Thursday, July 9, 2020

"The Pluto Perspective: Memories of an Amazing Encounter"

This blog entry, with retrospectives written by members of the New Horizons team, celebrates the fifth anniversary of the spacecraft's Pluto Flyby on July 14, 2015.

Wednesday, July 8, 2020

To Pluto and Beyond with Alan Stern

This Planetary Society radio interview with New Horizons Principal Investigator Alan Stern commemorates the fifth anniversary of New Horizons' Pluto flyby.

Wednesday, April 1, 2020

More Evidence that Pluto Might Have a Subsurface Ocean

More Evidence that Pluto Might Have a Subsurface Ocean: The impact that created Pluto’s 'heart' may have rippled through its ocean and damaged its rear

Saturday, March 7, 2020

Custer Institute Observatory Declares Pluto is a Planet

Custer Institute Observatory Declares Pluto is a Planet: The Board of Directors of respected Astronomical Observatory, Custer Institute in Southold, NY has recently created a resolution declaring that Pluto is again a planet.

Tuesday, February 18, 2020

Planet Pluto Discovered 90 Years Ago Today

Today, February 18, 2020, marks the 90th anniversary of Pluto’s discovery by 24-year-old Clyde Tombaugh at the Lowell Observatory in 1930. The little planet that could has now been a part of our science, history, and culture for nine decades!

The Lowell Observatory is hosting an “I Heart Pluto” event complete with talks by leading planetary scientists, including Alan Stern; Charon discoverer James Christy; astronomer Larry Wasserman, Lowell astronomer Will Grundy, Lowell historian Kevin Schindler, and Tombaugh’s son Alden Tombaugh.

Pluto-themed art is on display for the event, and participants are being treated to tours of the renovated telescope, known as an astrograph, that Tombaugh used to take the photographic plates of the sky from which he discovered Pluto. Attendees also have the opportunity to see the blink comparator Tombaugh used to “blink” or move back and forth between two pictures of the same part of the sky taken several days apart to search for something that moved against the background stars.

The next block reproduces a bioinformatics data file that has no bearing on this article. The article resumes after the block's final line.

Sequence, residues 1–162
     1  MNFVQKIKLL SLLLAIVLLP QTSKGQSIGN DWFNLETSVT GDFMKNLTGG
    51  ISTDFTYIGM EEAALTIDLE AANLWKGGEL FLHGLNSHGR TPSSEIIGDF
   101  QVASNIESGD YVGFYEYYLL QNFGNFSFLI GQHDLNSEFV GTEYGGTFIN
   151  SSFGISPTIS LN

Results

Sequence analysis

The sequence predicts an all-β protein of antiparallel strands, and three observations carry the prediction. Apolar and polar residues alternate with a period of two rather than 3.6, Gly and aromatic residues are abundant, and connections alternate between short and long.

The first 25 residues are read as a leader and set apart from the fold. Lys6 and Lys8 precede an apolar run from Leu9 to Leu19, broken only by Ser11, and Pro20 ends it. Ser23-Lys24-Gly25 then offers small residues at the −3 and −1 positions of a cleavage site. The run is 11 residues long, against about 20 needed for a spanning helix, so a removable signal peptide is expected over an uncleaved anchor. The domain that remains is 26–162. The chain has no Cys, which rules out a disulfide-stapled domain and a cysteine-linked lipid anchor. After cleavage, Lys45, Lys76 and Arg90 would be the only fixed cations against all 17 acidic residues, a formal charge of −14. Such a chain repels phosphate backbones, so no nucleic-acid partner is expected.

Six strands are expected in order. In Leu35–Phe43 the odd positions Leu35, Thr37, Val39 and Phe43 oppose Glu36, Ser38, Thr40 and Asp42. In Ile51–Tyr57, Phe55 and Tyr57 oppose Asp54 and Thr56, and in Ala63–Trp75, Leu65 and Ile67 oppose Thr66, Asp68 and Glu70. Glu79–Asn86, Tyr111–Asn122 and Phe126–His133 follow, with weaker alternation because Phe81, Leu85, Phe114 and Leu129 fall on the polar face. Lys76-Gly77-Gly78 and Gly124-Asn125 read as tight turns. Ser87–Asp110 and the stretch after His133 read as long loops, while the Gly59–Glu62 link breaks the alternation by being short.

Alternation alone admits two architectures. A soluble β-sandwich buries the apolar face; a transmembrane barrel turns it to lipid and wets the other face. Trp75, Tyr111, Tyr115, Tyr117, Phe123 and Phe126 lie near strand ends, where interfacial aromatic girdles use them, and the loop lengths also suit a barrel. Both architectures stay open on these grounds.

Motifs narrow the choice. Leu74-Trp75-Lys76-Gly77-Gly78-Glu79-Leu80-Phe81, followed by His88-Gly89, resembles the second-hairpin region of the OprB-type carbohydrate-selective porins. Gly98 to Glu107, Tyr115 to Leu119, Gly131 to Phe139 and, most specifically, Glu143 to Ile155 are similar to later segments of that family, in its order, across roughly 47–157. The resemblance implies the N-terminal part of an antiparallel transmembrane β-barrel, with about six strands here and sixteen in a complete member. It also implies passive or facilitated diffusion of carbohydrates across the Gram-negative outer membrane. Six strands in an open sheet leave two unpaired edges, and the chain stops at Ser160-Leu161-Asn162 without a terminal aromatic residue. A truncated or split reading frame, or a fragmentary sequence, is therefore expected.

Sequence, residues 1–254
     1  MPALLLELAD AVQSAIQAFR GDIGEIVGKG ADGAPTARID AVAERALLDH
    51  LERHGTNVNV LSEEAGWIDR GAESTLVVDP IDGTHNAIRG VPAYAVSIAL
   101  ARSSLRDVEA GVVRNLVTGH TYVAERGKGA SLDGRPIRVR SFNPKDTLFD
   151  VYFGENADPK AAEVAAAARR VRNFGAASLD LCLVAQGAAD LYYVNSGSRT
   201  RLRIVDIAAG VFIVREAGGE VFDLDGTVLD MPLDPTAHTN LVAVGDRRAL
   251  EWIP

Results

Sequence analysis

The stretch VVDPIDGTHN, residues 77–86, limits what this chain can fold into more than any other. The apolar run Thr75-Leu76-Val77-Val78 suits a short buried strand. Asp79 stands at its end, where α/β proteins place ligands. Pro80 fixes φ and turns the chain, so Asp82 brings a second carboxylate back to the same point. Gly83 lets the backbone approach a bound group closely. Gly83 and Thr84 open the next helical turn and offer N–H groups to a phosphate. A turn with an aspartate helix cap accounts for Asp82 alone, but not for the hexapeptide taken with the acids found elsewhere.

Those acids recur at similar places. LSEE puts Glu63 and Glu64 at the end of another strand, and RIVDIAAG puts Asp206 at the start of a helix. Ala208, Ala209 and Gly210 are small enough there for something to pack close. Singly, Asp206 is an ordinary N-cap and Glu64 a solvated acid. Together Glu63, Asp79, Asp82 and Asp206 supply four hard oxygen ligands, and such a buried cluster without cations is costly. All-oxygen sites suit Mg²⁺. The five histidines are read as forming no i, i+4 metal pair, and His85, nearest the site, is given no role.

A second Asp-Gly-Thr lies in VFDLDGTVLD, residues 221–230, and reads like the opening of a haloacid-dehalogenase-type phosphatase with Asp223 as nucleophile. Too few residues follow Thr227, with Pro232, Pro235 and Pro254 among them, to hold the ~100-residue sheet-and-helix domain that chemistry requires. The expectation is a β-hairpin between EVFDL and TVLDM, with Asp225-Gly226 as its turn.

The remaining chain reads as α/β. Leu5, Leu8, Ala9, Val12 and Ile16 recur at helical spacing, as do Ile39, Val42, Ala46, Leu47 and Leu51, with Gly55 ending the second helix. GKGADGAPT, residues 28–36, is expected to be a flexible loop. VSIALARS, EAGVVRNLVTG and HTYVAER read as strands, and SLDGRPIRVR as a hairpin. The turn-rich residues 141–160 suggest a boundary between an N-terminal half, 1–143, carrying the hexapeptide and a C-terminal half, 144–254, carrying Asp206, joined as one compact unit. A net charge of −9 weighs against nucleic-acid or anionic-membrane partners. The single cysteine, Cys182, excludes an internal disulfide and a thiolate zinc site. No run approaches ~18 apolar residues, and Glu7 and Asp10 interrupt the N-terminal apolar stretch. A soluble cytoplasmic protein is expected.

On February 18, 1930, 24-year-old Tombaugh found that tiny dot that moved against the same field of stars taken on January 23 and January 29 of that year.

To commemorate the occasion, Mother Road Brewing Company, together with Lowell astronomers, has created a special “Pluto Porter” brew. Celebrants will dine today at Flagstaff’s Karma Sushi Bar and Grill, which was The Black Cat CafĂ© in 1930, where Clyde Tombaugh dined on the afternoon of the day he found Pluto.

Karma Sushi Bar and Grill has even created a special “Pluto Roll” for the occasion.

This time around, Tombaugh is getting far more recognition and accolades than he did upon making his discovery. Back in 1930, the Lowell Observatory credited the late Percival Lowell, founder of the observatory, who had died in 1916 after devoting his life to searching for a planet beyond Neptune. Tombaugh’s name was not even mentioned in a circular released by the Observatory announcing the discovery. Instead, he was referred to as a “junior astronomer.”

Personally, I deeply regret not being able to attend this Pluto-lovers’ celebration at the Lowell Observatory, much as I regret never having met Clyde Tombaugh.

If he were here, Tombaugh would have a lot to celebrate. Over the past five years, and especially within the last year, consensus among both scientists and members of the public that Pluto is a planet and that the IAU got it wrong in 2006 has been steadily growing. Even the media has picked up on this, with some coverage acknowledging the many problems inherent in the 2006 vote by just four percent of the IAU’s members.

What has played the largest role in turning the tide in favor of Pluto’s planethood is without question the New Horizons flyby data. One simply has to look at the varied terrains on Pluto’s surface to see what is obviously a planet. Before the flyby, many scientists expected Pluto to be a dead rock. Instead, the spacecraft and its science instruments revealed a geologically active world with weather, a hazy atmosphere, interaction between atmosphere and surface, floating glaciers, windswept dunes, water ice mountains, cryovolcanism, and very likely a subsurface ocean.